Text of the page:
What’s the difference between Red Bull and Monster?
Red Bull is a drink made from fermented fruit juice. It contains caffeine and other stimulants such as guarana. Its taste is described as fruity, sweet, and spicy with hints of lemonade. There are many brands of red bull available including: Red Bull, Monster, Rockstar (formerly known as Viceroy), Energy Drink (RED) and others.
Monster is a soda brand created by Coca Cola. It was first introduced in the United States in 1985 and became popular among teenagers and young adults.
Monster has been marketed as a “party” beverage since its introduction. It contains no caffeine but does contain artificial flavors, colors, sweeteners, and preservatives.
Both drinks have similar ingredients but different marketing strategies. For example, Monster uses a catchy name while Red Bull uses a clever slogan (“It tastes good!”).
The main differences between these two beverages are their cost and availability. Red Bull costs $3.99 per 12 ounce bottle while Monster sells for $1.29 per 12 ounce bottle.
They are both available at most grocery stores, convenience stores, drugstores, supermarkets and large chain retailers like Walgreens, CVS Pharmacy and Target Drug Mart. Both products are sold in cans or bottles that hold 32 ounces each.
How do they differ?
1. Price: One of the major differences between these two drinks is their price.
Red Bull can cost as much as $3.99 per single serving can.
That’s more than $4 for one can of a drink that doesn’t taste all that great when you compare it to cheaper alternatives such as Rockstar ($2.89), Monster ($1.89) or even traditional sodas like Coke or Pepsi ($1.59).
When it comes to choice, you have a much wider variety of energy drinks from which to choose. Most grocery and convenience stores will carry Red Bull, Rockstar and Monster, while others such as Mother, Full Throttle, NOS and even the traditional sodas are available at most supermarkets and drugstores.
2. Taste: Let’s face it, Red Bull tastes pretty awful.
It has a weird aftertaste that makes it difficult to swallow, especially when you drink more than one can in a short period of time. In fact, most people can’t even finish a single can without pouring the rest of the Red Bull down the drain.
Monster on the other hand is very easy to swallow and doesn’t have much of an aftertaste at all. It’s a lot easier on the stomach and doesn’t make you burp up a rotten egg smell like Red Bull does (yes, this is a documented side effect).
3. Additives: Red Bull contains several additives that your body doesn’t need or want.
It contains several B vitamins including Niacin which can lead to liver toxicity if you consume more than the recommended dosage. Other additives such as Panax ginseng, inositol, choline bitartrate, L-Carnitine, glucuronolactone, and in some cases sugars (sucrose) are disguised within the ingredients list.
Monster contains several of the same additives but lacks others found in Red Bull such as niacin and choline bitartrate. In addition, Ginkgo Biloba is one of the main ingredients in some Monster energy drinks.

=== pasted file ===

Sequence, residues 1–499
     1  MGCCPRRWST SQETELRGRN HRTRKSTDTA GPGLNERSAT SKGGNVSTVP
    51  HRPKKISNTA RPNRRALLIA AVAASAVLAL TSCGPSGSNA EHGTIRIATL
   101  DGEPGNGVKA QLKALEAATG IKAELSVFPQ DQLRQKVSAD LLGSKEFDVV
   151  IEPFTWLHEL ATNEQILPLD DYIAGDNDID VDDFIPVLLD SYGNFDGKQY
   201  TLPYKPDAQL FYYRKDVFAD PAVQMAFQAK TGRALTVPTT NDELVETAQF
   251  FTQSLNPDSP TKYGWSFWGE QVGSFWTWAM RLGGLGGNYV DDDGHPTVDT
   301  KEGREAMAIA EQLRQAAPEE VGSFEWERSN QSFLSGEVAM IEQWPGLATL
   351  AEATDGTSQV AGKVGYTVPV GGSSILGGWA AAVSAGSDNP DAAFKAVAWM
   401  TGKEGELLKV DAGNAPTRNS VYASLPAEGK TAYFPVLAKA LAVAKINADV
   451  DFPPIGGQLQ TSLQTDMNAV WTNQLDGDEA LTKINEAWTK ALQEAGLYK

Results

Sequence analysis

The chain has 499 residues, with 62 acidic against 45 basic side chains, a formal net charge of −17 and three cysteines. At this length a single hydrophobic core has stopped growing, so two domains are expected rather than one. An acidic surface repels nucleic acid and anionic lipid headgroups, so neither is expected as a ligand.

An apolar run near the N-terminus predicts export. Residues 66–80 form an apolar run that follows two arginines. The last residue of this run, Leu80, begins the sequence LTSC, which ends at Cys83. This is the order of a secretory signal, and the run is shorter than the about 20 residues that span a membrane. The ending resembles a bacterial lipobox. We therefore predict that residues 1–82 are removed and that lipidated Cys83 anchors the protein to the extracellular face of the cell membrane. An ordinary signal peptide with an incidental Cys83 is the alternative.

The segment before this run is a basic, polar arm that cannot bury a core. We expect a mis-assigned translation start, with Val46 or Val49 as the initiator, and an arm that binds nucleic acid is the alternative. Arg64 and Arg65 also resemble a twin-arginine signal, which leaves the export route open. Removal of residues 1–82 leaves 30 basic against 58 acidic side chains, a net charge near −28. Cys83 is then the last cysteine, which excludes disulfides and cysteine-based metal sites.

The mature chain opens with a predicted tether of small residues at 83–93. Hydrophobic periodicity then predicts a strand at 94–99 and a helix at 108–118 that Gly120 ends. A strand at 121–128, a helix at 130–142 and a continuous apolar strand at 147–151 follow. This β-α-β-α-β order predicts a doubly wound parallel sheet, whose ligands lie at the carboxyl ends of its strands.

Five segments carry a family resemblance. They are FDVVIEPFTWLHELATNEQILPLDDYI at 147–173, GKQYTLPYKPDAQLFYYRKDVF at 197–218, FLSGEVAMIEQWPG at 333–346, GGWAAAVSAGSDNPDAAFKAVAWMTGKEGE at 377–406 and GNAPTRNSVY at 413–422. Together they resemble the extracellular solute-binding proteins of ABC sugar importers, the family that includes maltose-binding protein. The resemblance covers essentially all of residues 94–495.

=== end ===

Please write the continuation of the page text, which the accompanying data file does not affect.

Ginkgo Biloba is an herb used to improve memory and enhance blood flow to the brain. It can also increase risk of bleeding and should not be consumed by people who are taking blood thinners, suffering from liver or kidney disorders or have a history of heart disease.
4. Prevalence: Red Bull is a worldwide brand that is most popular in Australia, Austria, the UK and North America.
You can buy a can almost anywhere including sporting events, convenience stores, grocery stores and even some vending machines.
Monster is one of the most popular energy drinks in North America with Starbucks’ launch of their “Monster” coffee drinks. It’s also available in the UK, Mexico, Sweden, Norway, Denmark and Finland.
5. Energy level: If you want a ton of energy and are looking for a boost to help you power through the day, both Red Bull and Monster can do the trick.
Of the two, Red Bull will hit you harder and faster but it will also wear off faster. In some cases, Red Bull’s effects may only last an hour to an hour and a half, especially if you’re already getting enough sleep and consume regular meals during the day.
Monster on the other hand provides a more mellow yet longer-lasting boost which may increase concentration and alertness but not to the same degree that Red Bull does. If you’re the type of person who wants a drink in the morning to get your engine going, you’ll most likely want to stick with Monster.
Both drinks should be avoided by children, pregnant or nursing women as well as people with epilepsy or other seizure disorders. Both drinks have a lot of caffeine and other additives that could trigger a seizure.
The choice between Red Bull and Monster comes down to personal preference more than anything else. However, due to the amount of negative press Monster has received for its adverse side effects, it’s probably best to avoid this drink if you’re a Red Bull fan looking for a change.
Sources & references used in this article:
A survey of energy drink consumption patterns among college students by BM Malinauskas, VG Aeby, RF Overton… – Nutrition journal, 2007 – Springer
Monsters are people too by J Levy, T Foulsham, A Kingstone – Biology Letters, 2013 – royalsocietypublishing.org
Monsters: Evil beings, mythical beasts, and all manner of imaginary terrors by DD Gilmore – 2012 – books.google.com
Mr. Kremer Writing 102 5, December 2014 Caffeine: The Monstrous Red Bully by K Mitchell – docs.google.com
Safety issues associated with commercially available energy drinks by KA Clauson, KM Shields, CE McQueen… – Journal of the American …, 2008 – Elsevier
Riding high on energy drinks by SF Braganza, M Larkin – Contemporary Pediatrics, 2007 – go.gale.com
Energy drinks: A review article by B Klepacki – Strength & Conditioning Journal, 2010 – cdn.journals.lww.com